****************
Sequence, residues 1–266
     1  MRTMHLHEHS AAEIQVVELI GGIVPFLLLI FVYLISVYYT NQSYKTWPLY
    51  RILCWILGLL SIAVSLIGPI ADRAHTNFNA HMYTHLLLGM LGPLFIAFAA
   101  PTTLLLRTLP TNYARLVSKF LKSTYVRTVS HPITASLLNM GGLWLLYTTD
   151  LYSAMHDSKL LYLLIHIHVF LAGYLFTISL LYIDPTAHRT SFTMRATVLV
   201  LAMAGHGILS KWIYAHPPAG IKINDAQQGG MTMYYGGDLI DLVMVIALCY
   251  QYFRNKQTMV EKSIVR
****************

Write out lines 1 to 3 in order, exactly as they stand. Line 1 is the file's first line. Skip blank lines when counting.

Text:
Sequence, residues 1–266
     1  MRTMHLHEHS AAEIQVVELI GGIVPFLLLI FVYLISVYYT NQSYKTWPLY
    51  RILCWILGLL SIAVSLIGPI ADRAHTNFNA HMYTHLLLGM LGPLFIAFAA